Manipulating the genetic makeup of living things is called genetic engineering, and scientists are learning more and more about this process each day. While there are some people who feel that tampering with the DNA of human beings or other organisms is meddling with Mother Nature, others see it as a sign of progress and an opportunity to make the world and the lives of humans and animals better.
One of the top goals of genetic engineering is the improvement of health. Imagine a world without the threat of AIDS or cancer. Those working in the genetics field hope that manipulating the genes of humans will one day enable science to prevent people from contracting these potentially deadly diseases. Some diseases are more likely in certain people because they have a history of the disease in the family, meaning it could be passed down and make someone predisposed to a particular illness. Genetic engineering could theoretically eliminate the passing of “disease” genes.
Genetic engineering can be used to improve the drugs available on the marketplace by making them more effective and safer. By using genetic modification scientists can make pharmaceuticals more effective than the existing versions of the medicine. There are already improved versions of insulin for diabetics and human growth hormones on the market thanks to genetic engineering. Manipulation of genes may also make it possible to create plants that contain natural medicines in labs.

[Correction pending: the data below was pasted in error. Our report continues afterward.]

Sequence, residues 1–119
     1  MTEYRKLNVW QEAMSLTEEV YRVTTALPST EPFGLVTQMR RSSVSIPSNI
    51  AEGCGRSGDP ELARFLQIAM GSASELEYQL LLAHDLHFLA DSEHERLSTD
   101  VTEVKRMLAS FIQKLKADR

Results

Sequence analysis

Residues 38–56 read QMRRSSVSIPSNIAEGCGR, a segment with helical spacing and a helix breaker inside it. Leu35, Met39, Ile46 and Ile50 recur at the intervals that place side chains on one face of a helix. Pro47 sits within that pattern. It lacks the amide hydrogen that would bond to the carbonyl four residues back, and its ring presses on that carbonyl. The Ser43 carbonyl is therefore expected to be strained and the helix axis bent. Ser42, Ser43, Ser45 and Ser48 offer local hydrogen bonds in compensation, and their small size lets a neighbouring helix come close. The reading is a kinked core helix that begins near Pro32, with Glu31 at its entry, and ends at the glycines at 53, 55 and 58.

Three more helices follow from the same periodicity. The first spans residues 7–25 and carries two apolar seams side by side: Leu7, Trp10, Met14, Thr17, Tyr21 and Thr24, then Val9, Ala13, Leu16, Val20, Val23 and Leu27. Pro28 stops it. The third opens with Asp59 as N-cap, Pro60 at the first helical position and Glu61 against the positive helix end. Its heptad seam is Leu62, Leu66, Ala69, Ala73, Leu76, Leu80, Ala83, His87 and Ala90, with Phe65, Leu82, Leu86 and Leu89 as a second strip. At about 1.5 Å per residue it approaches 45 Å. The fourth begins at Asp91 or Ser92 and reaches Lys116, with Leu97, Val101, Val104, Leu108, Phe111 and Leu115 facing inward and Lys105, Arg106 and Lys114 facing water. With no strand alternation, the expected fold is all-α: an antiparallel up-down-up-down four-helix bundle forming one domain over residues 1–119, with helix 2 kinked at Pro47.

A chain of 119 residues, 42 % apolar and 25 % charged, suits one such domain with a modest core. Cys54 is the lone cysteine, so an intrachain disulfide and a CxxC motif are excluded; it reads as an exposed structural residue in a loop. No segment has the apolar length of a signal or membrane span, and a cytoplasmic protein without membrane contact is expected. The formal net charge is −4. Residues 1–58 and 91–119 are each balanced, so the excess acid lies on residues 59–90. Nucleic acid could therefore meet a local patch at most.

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Saving the seeds from the best looking plants to replant the following year has been a method of manual genetic selection for many years. But science has made it possible to engineer plants to produce the biggest and best fruits and vegetables possible by replacing the genes and designing plants with the most desirable traits. This leads to the availability of more and higher quality food that may also be resistant to the most common plant diseases.
One of the most serious problems in medicine is the lack of available organs on the transplant list. While donating organs is a good way to help your fellow man, there are simply not enough to go around. Demand always exceeds the need, meaning many patients simply can’t survive until a match is found. But when those patients with failing organs knew in advance that they would need a new organ, doctors could simply order it and have a compatible heart, lung or other part “grown” in a lab. Genetic engineering may be able to make that a common occurrence eventually.